You are invited to join us in November 2nd, 2013 to do yet another new course. The registrations opened on line Wednesday at 7:00 pm. The allotments of rider slots will fill very quickly (days if not hours) so get yourself on line and sign up quick.  http://www.tourdegruene.com/news/individual_time_trial/

This year’s course is better than last year. I say that by looking at the map and profile, not having yet ridden it. We have used the River road section before and I have ridden up the big hill coming out of the river but not the rest of the route. We (our friendly little group “Team Lanterne Rouge”) are hoping to pre-ride the route a time or two very soon.

Timing

Individual Time Trials are a funny thing but not a laughing matter. You can ride lots of miles but if they are not representative of the ITT course they don’t help as much as if you ride a route and distance similar to the ITT. If you are used to doing say 30 or 40 mile joy rides, you are not building for the high explosive demand of a 19 mile ITT. Yes are doing twice the miles but the demand is so much lower. Few amateur bike racers can really give maximum effort for 45 minutes that it will take to win this year. For me I think a time of just over an hour is a good goal. If I can do under 1:10 I’ll be happy. A time around 1:15 is expected and any time over 1:20 I’ll be depressed.    

Course review

The first 10 mile section is on River road. That part we have used in the past is board flat with less than ¼% down grade. The pavement is (was last time I road it 2 years ago) in good condition and rather smooth. It follows the river with a few twists and turns. It will cross the river three times. The bridges are concrete low water crossing type. The transitions from asphalt to concrete and back can be a bit abrupt or jarring. This part should be run 20+mph. The fast guys will be breaking the speed limit. Really they will be averaging above the speed limit. The second part is the unknown for me. We have not used this part of the route in the years that I have ridden the TdGITT. It is mostly climbing. The profile says at mile 10.1 to 11.7 is the climb out of the river valley. This hill I have done in warm up a few years ago. One year the route had us come down it. Then there is a dip to mile 12.7, after that it’s full on climbing to 18.7. The last section is six miles of race pace uphill pull. They have three false flats that should give some relief along the way. The Map My Ride only shows about 1 and 2% grade.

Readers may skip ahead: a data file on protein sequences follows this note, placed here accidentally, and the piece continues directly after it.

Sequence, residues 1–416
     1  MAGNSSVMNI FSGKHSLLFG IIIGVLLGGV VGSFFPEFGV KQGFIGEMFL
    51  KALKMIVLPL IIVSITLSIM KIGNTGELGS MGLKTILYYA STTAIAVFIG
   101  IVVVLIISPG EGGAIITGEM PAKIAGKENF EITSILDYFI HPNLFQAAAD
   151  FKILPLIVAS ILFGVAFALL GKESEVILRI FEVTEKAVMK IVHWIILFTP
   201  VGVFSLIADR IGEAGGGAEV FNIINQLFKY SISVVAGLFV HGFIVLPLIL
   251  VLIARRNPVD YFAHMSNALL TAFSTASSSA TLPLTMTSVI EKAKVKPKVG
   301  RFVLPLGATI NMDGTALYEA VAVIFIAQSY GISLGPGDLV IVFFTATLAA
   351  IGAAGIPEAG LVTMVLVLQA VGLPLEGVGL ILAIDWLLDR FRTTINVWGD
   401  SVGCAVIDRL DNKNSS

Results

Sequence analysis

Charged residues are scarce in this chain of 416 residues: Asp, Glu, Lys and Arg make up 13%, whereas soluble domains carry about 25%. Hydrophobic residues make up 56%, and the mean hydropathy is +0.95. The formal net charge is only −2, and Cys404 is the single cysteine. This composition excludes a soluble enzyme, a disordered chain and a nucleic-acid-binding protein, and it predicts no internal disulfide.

So now you have an idea of what to expect! Come out and do the Tour de Gruene Individual Time Trial with us.

 

I was this quote the other day: “Artificial Intelligence is no match for Natural Stupidity.”

Always Wear Your Helmet

17 Mar

Jeff Helmet
I was riding the other day along a trail I had ridden 100’s of times over the years. When BANG!! I felt like I had been hit in the head with a big hammer. I was dazed to the point that I couldn’t stay on my bike and I fell over.
Let’s back up two hours or so. My buddy and riding partner Kevin and I talked and decided we could get home from work and go ride. We texted back and forth to decide on riding MtBikes. I chose the 2005 GF HiFi (FS)[see “my stable” post]. I wanted to shred some single track. We meet up and I offered to show Kevin a new trail option. Now you need to understand that the City Public Works has had heavy construction equipment down in the Leon Creek Greenbelt for the last few weeks. I think they are upgrading some of the underground pipes that follow the creek bed. The work has been finished in the lower parts. These machines have opened up the creek bed so you can now ride these areas. This promises to be some fast double track as soon as the soil gets some rain on it to flatten the dozer tracks and to pack it down. Right now it’s rough but it would be good for a full suspension MtBike. We turned into this new section and maybe 50 feet in “Pow” the rear tire let go.
I have been running tubeless for about a year now and have sung the praise of tubeless. I found if you run over a big enough hunk of steel rod just right you can flatten the tire. I carry some CO2 cartridges and an inflator, so I spun the wheel around and refilled it. I was trying to get the sealant to plug the hole. It was having nothing to do with it. No way was the sealant going to fix a hole that big. So I pulled out my spare tube and went thru changing the tire by pulling out the tubeless rim liner and putting in the tube. It was a used tube that had been patched. When I got it together it wouldn’t hold air. So I went to pull the wheel back apart when I did a kind MtBiker going by gave me a new tube. By the way rider “Thank you very much”. Then I put the new tube in and aired it up. We took off up this new trail.
Not half a mile later the rear tire is going soft again. I was out of CO2 cartridges and didn’t feel like changing that tire again. So I called my loving wife for a bike change. She was so nice to stop what she was doing and load my 29er in the back of her Toyota 4runner and bring it to me. I walked the half mile or so up into OP Schnabel Park to the pavilion. It is not everyone or every day you can call for a bike change. It is a special feeling to know somebody will help you out like that.
We rode for an hour or so and we set a good fast pace down to Bandera Rd. bridge and back. On the way back I was leading and was cranking along on trails I was very familiar with. This trail I had ridden 100’s of times over the years. When BANG!! I felt like I had been hit in the head with a sledge hammer. I was dazed to the point that I couldn’t stay on my bike and I fell over. I laid on the trail on my back with my legs around my bike and feet still clipped in to the peddles. I took stock of myself, nothing seemed broken. Why was I on the ground? Why was I dizzy? Why is it dark around the edges of my vision? This soon cleared and I sat up and felt dizzy again. I untangled myself from my bike. Kevin was asking if my head was alright. How was my neck? That’s about the time I figured out that my head had hit something hard. I took off my helmet only to find a big hole in it. I had struck a large oak tree that had a limb knot sticking out. I have ridden by that thing for years, never a problem. The moral of the story always wear your helmet! It is on a trail you know well and you’re just cranking along minding your own business that disaster strikes. If I had not had my helmet on I would have been in the hospital, very minimum with a lot of stiches and a concussion. At worst I would never ride again if you know what I mean. Always wear your helmet.